The duties performed in the Chair are probably the Speaker’s most important and onerous. One of the duties is to ensure that the rules of parliamentary procedure as embodied in the standing orders and practice are accurately and correctly interpreted and applied. The Speaker interprets the standing orders, deals with points of order when they are raised and gives rulings when called upon to do so (see page 192). He or she calls upon Members wishing to speak. The standing orders provide a graduated code of disciplinary powers to enable the Speaker to maintain order. These powers are progressive in their severity and allow the Speaker to deal with various breaches of order in the most appropriate manner. The Speaker does not vote in the House except in the event of the numbers being equal, in which case he or she has a casting vote (see page 186). The Speaker may make statements or announcements to the House when necessary.
It is the Speaker’s duty to call the House together following an adjournment by resolution to a date and hour to be fixed.
At the commencement of each day’s sitting, the Speaker, being satisfied that a quorum is present, reads the acknowledgement of country and prayers set out in the standing orders. The Speaker then starts proceeding, usually by calling the Clerk to call on the various items of business in the order set down on the Notice Paper.
Powers and functions under the standing orders
In addition to generally maintaining order in the Chamber and interpreting standing orders, the Speaker has specific powers and functions under the standing orders. These matters are described where appropriate elsewhere in the text.
It is considered that where the standing orders or practice of the House are silent on a matter, the Speaker may assume the authority to make a ruling or decision he or she thinks is appropriate. Naturally Members have the right to question such rulings or decisions, and the House itself is the ultimate authority in such matters.
The Speaker’s powers are augmented by a number of discretionary powers, which include:
determining which is the most urgent and important matter of public importance, if more than one is proposed (S.O. 46);
determining whether a prima facie case of breach of privilege has been made out (S.O. 51(d));
referring a matter of privilege to the Committee of Privileges and Members’ Interests, having determined that a prima facie case has been made out and that urgent action is required, when the House is not expected to meet within two weeks (actions which are subject to subsequent decisions by the House) (S.O. 52);
determining, when there is a need for a quorum to be formed, a time he or she will resume the Chair (S.O. 57);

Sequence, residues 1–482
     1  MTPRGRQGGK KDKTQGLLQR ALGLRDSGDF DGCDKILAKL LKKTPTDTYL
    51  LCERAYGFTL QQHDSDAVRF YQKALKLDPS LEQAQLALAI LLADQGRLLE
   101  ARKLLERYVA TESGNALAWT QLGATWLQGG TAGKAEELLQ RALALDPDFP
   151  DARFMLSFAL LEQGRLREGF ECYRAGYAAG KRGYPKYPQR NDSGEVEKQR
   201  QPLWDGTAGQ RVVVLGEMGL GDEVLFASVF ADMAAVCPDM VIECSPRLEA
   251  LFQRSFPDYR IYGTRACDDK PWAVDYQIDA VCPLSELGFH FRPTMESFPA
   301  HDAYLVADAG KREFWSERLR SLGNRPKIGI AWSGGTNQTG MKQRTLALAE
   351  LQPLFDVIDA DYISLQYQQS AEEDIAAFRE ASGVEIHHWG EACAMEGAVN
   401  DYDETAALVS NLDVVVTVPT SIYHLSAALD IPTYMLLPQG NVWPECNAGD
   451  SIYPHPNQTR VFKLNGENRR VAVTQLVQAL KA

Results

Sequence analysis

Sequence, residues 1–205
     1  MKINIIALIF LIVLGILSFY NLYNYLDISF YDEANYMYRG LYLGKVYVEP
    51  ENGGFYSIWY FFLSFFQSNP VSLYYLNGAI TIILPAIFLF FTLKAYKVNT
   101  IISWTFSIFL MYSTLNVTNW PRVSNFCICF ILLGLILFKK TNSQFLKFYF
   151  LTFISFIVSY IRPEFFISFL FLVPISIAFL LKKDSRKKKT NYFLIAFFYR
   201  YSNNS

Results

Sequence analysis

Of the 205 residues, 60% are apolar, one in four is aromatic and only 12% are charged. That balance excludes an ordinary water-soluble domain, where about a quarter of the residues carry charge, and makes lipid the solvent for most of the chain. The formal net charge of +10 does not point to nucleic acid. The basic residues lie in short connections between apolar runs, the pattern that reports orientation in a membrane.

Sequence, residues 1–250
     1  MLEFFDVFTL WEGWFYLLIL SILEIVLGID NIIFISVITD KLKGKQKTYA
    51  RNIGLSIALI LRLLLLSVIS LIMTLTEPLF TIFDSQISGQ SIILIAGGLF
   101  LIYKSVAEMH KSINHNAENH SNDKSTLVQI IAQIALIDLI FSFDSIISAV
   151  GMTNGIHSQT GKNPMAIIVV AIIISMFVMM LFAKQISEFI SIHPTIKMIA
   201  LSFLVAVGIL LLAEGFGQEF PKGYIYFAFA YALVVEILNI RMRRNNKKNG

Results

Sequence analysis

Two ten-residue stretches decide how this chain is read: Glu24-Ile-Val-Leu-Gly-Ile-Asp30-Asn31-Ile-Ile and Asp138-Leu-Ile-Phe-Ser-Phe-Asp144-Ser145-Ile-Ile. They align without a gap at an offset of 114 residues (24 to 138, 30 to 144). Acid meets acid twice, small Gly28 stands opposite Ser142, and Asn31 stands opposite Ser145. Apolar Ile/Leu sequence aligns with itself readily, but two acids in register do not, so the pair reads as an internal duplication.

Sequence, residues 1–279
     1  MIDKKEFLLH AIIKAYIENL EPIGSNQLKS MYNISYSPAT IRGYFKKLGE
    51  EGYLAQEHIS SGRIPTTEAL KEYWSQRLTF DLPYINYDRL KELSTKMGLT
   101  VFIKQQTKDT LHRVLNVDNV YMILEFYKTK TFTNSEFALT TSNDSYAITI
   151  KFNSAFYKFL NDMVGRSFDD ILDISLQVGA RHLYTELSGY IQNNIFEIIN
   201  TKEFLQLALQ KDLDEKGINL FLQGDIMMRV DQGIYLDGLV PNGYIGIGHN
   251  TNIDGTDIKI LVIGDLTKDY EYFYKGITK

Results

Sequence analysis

allocating the call to the Member who in his or her opinion first rose in his or her place (S.O. 65(c));
determining if a Member’s arguments are irrelevant or tediously repetitive (S.O. 75);
determining if discussion is out of order on the ground of anticipation (S.O. 77);
determining if a motion is an abuse of the orders and forms of the House, or is moved for the purpose of obstructing business (S.O. 78);
determining whether words used are offensive or disorderly (S.O. 92(b));
directing the language of a question to be changed if it is inappropriate or does not otherwise conform with the standing orders (S.O. 101(a));
determining the cut-off time for questions for the next Notice Paper (S.O. 102(c));
amending or dividing notices (S.O. 109);
disallowing any motion or amendment which he or she considers the same in substance as any question resolved in the same session (S.O. 114(b)); and
giving an opinion as to whether the majority of voices were ‘Aye’ or ‘No’ (S.O. 125).
Standing order 30(c) permits the Speaker, when the House is not sitting, to set an alternative day or hour for the next meeting. However, it is the invariable practice for the Speaker not to act on his or her own initiative in this respect, but to await a request from the Government. When the House has adjourned to a date and hour to be fixed, a Gazette notice has usually been published when the day of meeting is determined, indicating the date and hour of meeting.
If the Speaker is absent from Australia when the Government requests that the House be reconvened, the Clerk informs the Speaker of the Government’s request and seeks concurrence. If there was not time to seek the Speaker’s concurrence, the Clerk would notify all Members and subsequently inform the Speaker of the action taken.